Sleep Schedule Examples
Once you’re familiar with the science behind sleep cycles, you can start to plan your bedtime around them. Let’s take a look at some examples. Here we’ll take a few common wake times and suggest some optimum sleep schedules.
|If you need to wake up at....||You should to go sleep between...|
|6 a.m.||8:45 p.m. to 10:15 p.m.|
|7 a.m.||9:45 p.m. to 11:15 p.m.|
|8 a.m.||10:45 p.m. to 12:15 p.m.|
|9 a.m.||11:45 p.m. to 1:15 p.m.|
It’s important to try and stick to a regular schedule when it comes to sleep. This helps your body settle into a healthy sleep schedule with the right amount of sleep-wake cycles every night.
Sometimes the reality of life can interrupt our sleeping patterns. You may need to stay up late a few nights to work on a project. This could lead to sleeping in longer on the weekend to recover your sleep debt. The goal here is to maintain a balance so you stay alert and refreshed. As soon as you can, return to your usual sleep schedule.
Watch out for signs of tiredness too. If you find yourself yawning and unable to keep your eyes open, it’s time to head to bed — even if it’s an hour earlier than your usual sleep time.
Are You an Early Bird or a Night Owl?
Experts suggest we all have a certain chronotype when it comes to sleep. This is linked to our internal body clock, also known as the circadian rhythm. It creates cycles of alertness and sleepiness that influence how we live our lives and when we sleep.
The most well-known chronotypes are night owls and early birds. Night owls find they’re most awake and focused towards the end of the day. They often struggle with mornings and feel sluggish when they wake. Early birds are the opposite of this — they’re more alert in the mornings and feel tiredness kick in as the day ends.
For some people, it’s not as clear cut. There’s a group of people that find they have the same high energy in both the morning and evening. Others feel sluggish and tired throughout the day with no obvious peak in alertness.
If you’re a night owl, going to bed earlier to wake up earlier can be tough. If you already feel groggy in the morning, the last thing you want is to enhance that by interrupting a sleep cycle. Knowing your chronotype and being smart about your sleep cycles means you have a better chance of feeling refreshed and well-rested.
How to Get a Good Night’s Sleep
Knowing when you should go to sleep is the start of a healthy sleep schedule. You now have a set time to fall asleep that you can treat as a deadline. You’re also equipped with more knowledge of how your sleep cycles work and when you’re most energized.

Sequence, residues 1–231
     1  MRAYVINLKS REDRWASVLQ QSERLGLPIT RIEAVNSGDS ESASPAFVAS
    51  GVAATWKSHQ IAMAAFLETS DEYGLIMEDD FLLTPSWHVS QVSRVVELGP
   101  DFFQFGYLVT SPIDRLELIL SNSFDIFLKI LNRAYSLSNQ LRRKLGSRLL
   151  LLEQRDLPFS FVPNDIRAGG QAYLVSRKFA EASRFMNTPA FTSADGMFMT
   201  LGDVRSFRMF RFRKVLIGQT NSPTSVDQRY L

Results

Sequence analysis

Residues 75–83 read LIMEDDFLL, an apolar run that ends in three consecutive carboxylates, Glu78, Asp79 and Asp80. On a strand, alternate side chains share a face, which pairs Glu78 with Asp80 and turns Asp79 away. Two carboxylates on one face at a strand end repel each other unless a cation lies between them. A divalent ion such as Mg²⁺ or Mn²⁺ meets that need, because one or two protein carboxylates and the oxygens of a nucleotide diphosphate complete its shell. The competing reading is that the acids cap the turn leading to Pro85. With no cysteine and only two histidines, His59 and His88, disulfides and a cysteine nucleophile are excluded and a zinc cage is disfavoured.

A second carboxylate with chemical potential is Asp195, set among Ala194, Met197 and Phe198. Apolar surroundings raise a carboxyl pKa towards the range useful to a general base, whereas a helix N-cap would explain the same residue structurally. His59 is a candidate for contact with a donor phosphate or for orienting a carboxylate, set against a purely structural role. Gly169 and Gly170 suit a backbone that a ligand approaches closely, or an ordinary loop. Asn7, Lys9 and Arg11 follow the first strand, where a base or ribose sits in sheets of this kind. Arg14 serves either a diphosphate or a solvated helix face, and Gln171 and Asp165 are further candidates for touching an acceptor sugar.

It can be tempting to think that’s all there is to it. The truth is we all know it’s not as easy as just climbing into bed and falling asleep. Even with the best intentions, it can be hard to fall asleep sometimes.
To help you sleep better, try some of these tips for good sleep hygiene:
- Go to sleep at roughly the same time every night, including your days off.
- Prioritize your sleep and be guarded about interrupting your sleep schedule.
- Start an evening routine and include relaxing activities like having a warm bath and reading.
- Create a calm, distraction-free environment for sleeping.
- Be mindful of what you eat and drink and how this could affect your sleep.
- Avoid electronic devices and bright screens for an hour or more before bed.
Remember it takes time to form a new habit. You won’t necessarily see a big improvement in how refreshed you feel overnight. Stick with it, and your new bedtime combined with better sleep hygiene should make you feel more rested.
The Right Sleep and Wake Times Matter
The science behind sleep provides a lot of clues on when we should go to bed. From our circadian rhythm to sleep cycles, there’s a connection between when we sleep and how well-rested we feel.
Now that you know more about sleep cycles and the different stages of sleep, it’s easier to set your ideal bedtime. You can create an evening routine that promotes sleep and prepares you to wake up refreshed when you need to. With these healthy sleep habits and the natural cues of tiredness, you’re well on your way to figuring out the ideal time to go to sleep.